By Michael Hurley, CBS Boston
BOSTON (CBS) — The general manager of the New York Giants came down very hard on star receiver Odell Beckham Jr. on Monday, hours after their season came to a screeching halt at Lambeau Field.
Beckham, who invited headlines by flying to Miami after the team’s Week 17 win to partake in a party on a boat with Justin Bieber, did not play well at all. He dropped several passes, including what would have been an early touchdown, and he let his anger show after the game by reportedly punching a hole in a wall.
These actions, quite clearly, left his general manager in an upset state of mind.
“This is what I see – I see a guy who needs to think about some of the things that he does,” Reese told the media on Monday. “Everybody knows he’s a gifted player, but there are some things that he has done that he needs to look at himself in the mirror and be honest with himself about some of the things that he’s done. And I think he will do that. We will help him with that, but he has to help himself and we believe he’ll do that.
“He is a smart guy, but sometimes he don’t do smart things.”
Reese then said Beckham is immature.
“We all have had to grow up at different times in our lives, and I think it is time for him to do that,” Reese stated. “He has been here for three years now and is a little bit of a lightning rod because of what he does on the football field. But the things that he does off the football field, he’s got to be responsible for those things. And we’ll talk through it and I believe he is – again, I know he is a smart guy — and I believe he understands that he has a responsibility being one of the faces of this franchise, and I think he will accept that responsibility.”
And, if Beckham is indeed found to have punched that hole in the wall, then Reese is going to make Beckham answer for it.
“If it comes down to him being responsible, we will definitely, a thousand percent, hold him responsible for that,” Reese declared
So there you have it — harsh words from the boss, a 53-year-old man who demands accountability from his players.
But here’s the problem: The man refuses to abide by his own rules.
This is a man, mind you, who last year around this time was busy signing kicker Josh Brown to a two-year, $4 million contract extension. That was a deal signed after the Giants were made aware that Brown’s family had to be moved out of a hotel room by NFL security because a belligerent Brown was banging on the door and demanding to be let inside. The Giants knew this.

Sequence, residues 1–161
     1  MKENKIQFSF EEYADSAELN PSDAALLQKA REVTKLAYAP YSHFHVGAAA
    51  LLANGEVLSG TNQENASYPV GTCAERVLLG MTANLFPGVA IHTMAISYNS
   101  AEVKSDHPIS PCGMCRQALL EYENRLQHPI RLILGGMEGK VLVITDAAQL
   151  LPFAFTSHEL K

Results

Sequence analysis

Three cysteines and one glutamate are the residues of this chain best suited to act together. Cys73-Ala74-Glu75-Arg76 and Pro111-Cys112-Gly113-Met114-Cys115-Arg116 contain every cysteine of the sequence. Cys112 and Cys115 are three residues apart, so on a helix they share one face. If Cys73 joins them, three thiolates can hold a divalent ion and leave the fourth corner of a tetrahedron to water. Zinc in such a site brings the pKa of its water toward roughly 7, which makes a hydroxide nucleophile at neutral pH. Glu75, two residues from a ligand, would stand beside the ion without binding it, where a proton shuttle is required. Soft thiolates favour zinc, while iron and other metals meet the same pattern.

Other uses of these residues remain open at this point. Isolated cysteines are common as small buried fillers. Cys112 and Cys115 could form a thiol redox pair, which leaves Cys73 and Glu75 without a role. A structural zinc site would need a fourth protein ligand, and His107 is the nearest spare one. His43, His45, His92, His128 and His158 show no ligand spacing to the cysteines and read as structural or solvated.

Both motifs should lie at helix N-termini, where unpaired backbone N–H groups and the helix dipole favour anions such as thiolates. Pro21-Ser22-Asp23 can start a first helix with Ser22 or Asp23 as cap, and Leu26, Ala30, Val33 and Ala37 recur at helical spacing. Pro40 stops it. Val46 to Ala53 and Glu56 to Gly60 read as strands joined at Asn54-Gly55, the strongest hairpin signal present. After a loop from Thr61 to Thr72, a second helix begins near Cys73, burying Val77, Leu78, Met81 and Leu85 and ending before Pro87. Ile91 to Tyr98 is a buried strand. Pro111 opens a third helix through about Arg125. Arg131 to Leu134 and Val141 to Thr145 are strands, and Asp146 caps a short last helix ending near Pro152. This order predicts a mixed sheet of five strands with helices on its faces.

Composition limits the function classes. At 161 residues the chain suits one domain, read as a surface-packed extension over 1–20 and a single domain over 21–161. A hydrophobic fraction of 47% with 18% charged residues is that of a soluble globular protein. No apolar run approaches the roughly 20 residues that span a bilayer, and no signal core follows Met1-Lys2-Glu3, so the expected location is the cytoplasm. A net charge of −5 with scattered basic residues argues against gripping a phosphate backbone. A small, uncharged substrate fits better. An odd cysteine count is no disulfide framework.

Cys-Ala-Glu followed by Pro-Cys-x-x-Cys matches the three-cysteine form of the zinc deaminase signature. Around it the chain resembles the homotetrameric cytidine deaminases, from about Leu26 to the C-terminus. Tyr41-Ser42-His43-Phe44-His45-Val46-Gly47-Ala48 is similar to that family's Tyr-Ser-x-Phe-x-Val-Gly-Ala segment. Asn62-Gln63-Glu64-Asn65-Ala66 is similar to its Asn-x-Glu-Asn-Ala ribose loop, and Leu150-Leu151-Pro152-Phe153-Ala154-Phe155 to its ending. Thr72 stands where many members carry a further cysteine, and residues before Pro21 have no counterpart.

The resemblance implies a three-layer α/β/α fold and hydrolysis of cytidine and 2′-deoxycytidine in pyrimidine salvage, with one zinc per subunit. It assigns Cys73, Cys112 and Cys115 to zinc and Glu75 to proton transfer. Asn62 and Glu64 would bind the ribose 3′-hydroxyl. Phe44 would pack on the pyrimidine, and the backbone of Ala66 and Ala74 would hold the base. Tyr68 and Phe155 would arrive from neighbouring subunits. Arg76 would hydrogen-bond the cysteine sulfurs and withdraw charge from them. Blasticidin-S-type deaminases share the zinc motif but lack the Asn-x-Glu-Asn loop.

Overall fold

In fact, the Giants knew a lot about Josh Brown’s history of domestic violence. According to owner John Mara, Brown told the team that he abused his wife.
“Listen, he’s admitted to us that he’s abused his wife in the past,” Mara said in October. “I think what’s a little unclear is the extent of that.”
So, Mara, Reese, head coach Ben McAdoo, everybody in the Giants organization — they were all comfortable giving $4 million to a man who admitted to abusing his wife, all because … the extent of the abuse was not entirely clear.
Even putting aside the ethical issues at play, for Reese and Mara to work in such a fashion when the climate of domestic violence in the NFL is at an all-time fever pitch was a terrible way for them to run a business. Yet the did it anyway, and they hoped nobody would notice.
Unfortunately for them, people did, thanks to Ralph Vacchiano’s reports for SNY. And when people learned of the details, they had a number of very valid, very pointed questions for the men in charge.
And when it came time to answer those questions, Reese ran away as fast as he could.
Not only did Reese duck questions from the media; he actually instructed them that they were not allowed to hold him accountable for his actions.
After the third consecutive question about the team’s decision to sign a known spousal abuser, Reese said this:
“I’m not taking any questions in respect to Josh Brown, guys. Stop asking me. I’m not going to take any questions about that.”
Stop. Asking. Me.
That is the bold leadership of a man who’s demanding accountability and maturity from his star receiver.
The video is even more pathetic:
What a joke.
Instead of answering for his own immoral decisions as a leader of the organization, Reese completely sidestepped any and all questions. In doing so, he left the folks who are lower on the food chain to answer for his decisions. Giants players — players who can be and often are cut in a moment’s notice and sent to the unemployment line — faced throngs of reporters at their lockers, asking them how the team could support a person like Brown inside of their locker room.
The players — who again, are perpetually at risk of getting cut from the team — couldn’t say it, but the answer was simple: We’re too busy focusing on keeping our jobs to be able to worry about the kicker. You’ll have to ask the men in charge.
But of course, power structures being what they are, the men in charge left the burden on the players’ shoulders to answer questions they never should have faced in the first place.
While the antics of Beckham are obvious and clearly need to be addressed, it’s become clear throughout this season that his bosses are not adequately capable of helping him to mature out of some of his emotional behavior on and off the field. If Reese believes that Beckham is not holding himself properly accountable, then Reese ought to realize the terrible example that he’s set for everybody below him in the organization.